Report: House Republican Tax Plan Would Create 1.7 Million Jobs

Proposal would boost long-run GDP by 9.1 percent, increase wages by 7.7 percent

July 6, 2016

The House Republican tax reform plan introduced by Speaker Paul Ryan (R., Wis.) would create 1.7 million jobs, increase the nation’s GDP, and increase after-tax income for all Americans, according to an analysis from the Tax Foundation.

The plan would simplify the tax code so that it could fit on a postcard, and lowers marginal tax rates on wage, investment, and business income. It also broadens the tax base, lowers the corporate income tax rate to 20 percent, and eliminates federal estate and gift taxes.

"Our analysis finds that the House Republican tax plan would reduce federal tax revenue by $2.4 trillion over the next decade," the report states. "We estimate that the plan would boost long-run GDP by 9.1 percent. The larger economy would translate into 7.7 percent higher wages and result in 1.7 million more full-time equivalent jobs. Due to the larger economy and the broader tax base, the plan would reduce revenue on a dynamic basis by $191 over the next decade."

The proposal would broaden the tax base by eliminating all itemized deductions except the mortgage interest deduction and the charitable deduction, which would raise $2.3 trillion over the next decade. The plan would also eliminate most individual credits except the Earned Income Tax Credit, the American Opportunity Tax Credit and the Child Tax Credit, which would raise $104 billion over the next decade.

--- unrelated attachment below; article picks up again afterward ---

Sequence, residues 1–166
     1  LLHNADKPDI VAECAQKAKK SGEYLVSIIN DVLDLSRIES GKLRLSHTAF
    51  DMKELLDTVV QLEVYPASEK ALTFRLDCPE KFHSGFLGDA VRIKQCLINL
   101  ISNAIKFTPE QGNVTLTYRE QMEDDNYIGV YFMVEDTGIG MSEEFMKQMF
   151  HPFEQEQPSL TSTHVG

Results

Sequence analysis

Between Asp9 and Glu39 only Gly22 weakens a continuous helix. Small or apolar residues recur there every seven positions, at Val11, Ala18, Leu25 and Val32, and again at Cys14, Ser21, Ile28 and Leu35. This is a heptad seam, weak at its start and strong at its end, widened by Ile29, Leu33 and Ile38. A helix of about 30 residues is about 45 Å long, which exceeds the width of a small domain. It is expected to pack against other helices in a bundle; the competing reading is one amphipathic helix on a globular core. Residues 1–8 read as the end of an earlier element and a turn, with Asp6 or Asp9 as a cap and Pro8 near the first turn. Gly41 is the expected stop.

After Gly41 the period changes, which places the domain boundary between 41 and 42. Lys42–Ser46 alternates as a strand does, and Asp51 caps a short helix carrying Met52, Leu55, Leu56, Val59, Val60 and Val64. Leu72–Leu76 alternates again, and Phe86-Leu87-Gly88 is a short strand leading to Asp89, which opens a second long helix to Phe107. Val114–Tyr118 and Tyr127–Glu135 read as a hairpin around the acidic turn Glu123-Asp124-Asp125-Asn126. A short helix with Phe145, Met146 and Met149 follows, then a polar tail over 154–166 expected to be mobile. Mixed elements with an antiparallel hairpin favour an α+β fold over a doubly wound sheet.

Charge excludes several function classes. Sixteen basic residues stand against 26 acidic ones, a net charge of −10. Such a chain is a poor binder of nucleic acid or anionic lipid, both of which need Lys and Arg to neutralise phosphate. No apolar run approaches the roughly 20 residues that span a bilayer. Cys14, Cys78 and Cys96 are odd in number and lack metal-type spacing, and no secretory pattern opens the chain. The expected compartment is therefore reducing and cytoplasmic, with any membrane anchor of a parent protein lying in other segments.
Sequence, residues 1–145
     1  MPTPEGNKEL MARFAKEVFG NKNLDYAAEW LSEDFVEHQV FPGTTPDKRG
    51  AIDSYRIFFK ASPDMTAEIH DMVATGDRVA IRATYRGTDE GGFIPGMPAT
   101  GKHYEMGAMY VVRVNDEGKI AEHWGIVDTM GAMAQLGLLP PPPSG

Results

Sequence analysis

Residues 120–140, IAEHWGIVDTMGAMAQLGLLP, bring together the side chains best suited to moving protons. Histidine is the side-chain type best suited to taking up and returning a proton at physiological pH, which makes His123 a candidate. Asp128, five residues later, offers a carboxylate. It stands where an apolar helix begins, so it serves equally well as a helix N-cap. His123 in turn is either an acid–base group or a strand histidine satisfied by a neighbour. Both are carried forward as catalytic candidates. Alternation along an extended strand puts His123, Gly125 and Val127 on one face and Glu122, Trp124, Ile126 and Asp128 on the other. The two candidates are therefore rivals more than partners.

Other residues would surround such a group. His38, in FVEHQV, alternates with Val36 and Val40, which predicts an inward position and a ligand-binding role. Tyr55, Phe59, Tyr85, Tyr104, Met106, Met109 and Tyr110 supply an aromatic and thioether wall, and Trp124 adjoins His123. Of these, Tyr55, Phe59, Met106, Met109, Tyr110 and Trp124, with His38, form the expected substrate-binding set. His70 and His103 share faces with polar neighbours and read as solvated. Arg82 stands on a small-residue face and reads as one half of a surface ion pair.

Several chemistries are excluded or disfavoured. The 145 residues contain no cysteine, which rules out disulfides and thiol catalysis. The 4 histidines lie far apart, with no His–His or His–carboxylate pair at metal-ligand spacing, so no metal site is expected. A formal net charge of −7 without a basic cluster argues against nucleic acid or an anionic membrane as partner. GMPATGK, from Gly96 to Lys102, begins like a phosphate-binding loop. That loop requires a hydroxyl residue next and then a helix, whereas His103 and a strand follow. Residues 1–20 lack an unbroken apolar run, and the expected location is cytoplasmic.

Because the plan would boost wages and broaden the tax base, the federal government would gain $566 billion in individual income tax revenue and $683 billion in payroll tax revenue.

"This plan is an interesting contribution to the tax debate because it stands in contrast to many of the proposals from Republican presidential candidates earlier this year," said Kyle Pomerleau, director of federal projects at the Tax Foundation. "It’s a smaller tax cut than some of the other plans we’ve seen, but still increases GDP by 9.1 percent over ten years."

"This plan comes close to being revenue neutral, but not for the reasons one might think," he said. "In this plan, the tax cuts spur economic growth, but the cuts only result in 32% of the plan’s dynamic revenue. The rest comes from substantial base-broadening provisions."

Published under: Tax Reform , Taxes